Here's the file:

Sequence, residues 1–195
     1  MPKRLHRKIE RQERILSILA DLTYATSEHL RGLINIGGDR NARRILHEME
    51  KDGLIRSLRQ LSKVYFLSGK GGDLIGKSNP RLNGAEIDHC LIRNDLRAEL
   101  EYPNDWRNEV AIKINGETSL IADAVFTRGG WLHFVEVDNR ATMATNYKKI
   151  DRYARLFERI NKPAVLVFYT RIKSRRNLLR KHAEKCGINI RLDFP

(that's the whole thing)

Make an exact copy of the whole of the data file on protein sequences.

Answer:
Sequence, residues 1–195
     1  MPKRLHRKIE RQERILSILA DLTYATSEHL RGLINIGGDR NARRILHEME
    51  KDGLIRSLRQ LSKVYFLSGK GGDLIGKSNP RLNGAEIDHC LIRNDLRAEL
   101  EYPNDWRNEV AIKINGETSL IADAVFTRGG WLHFVEVDNR ATMATNYKKI
   151  DRYARLFERI NKPAVLVFYT RIKSRRNLLR KHAEKCGINI RLDFP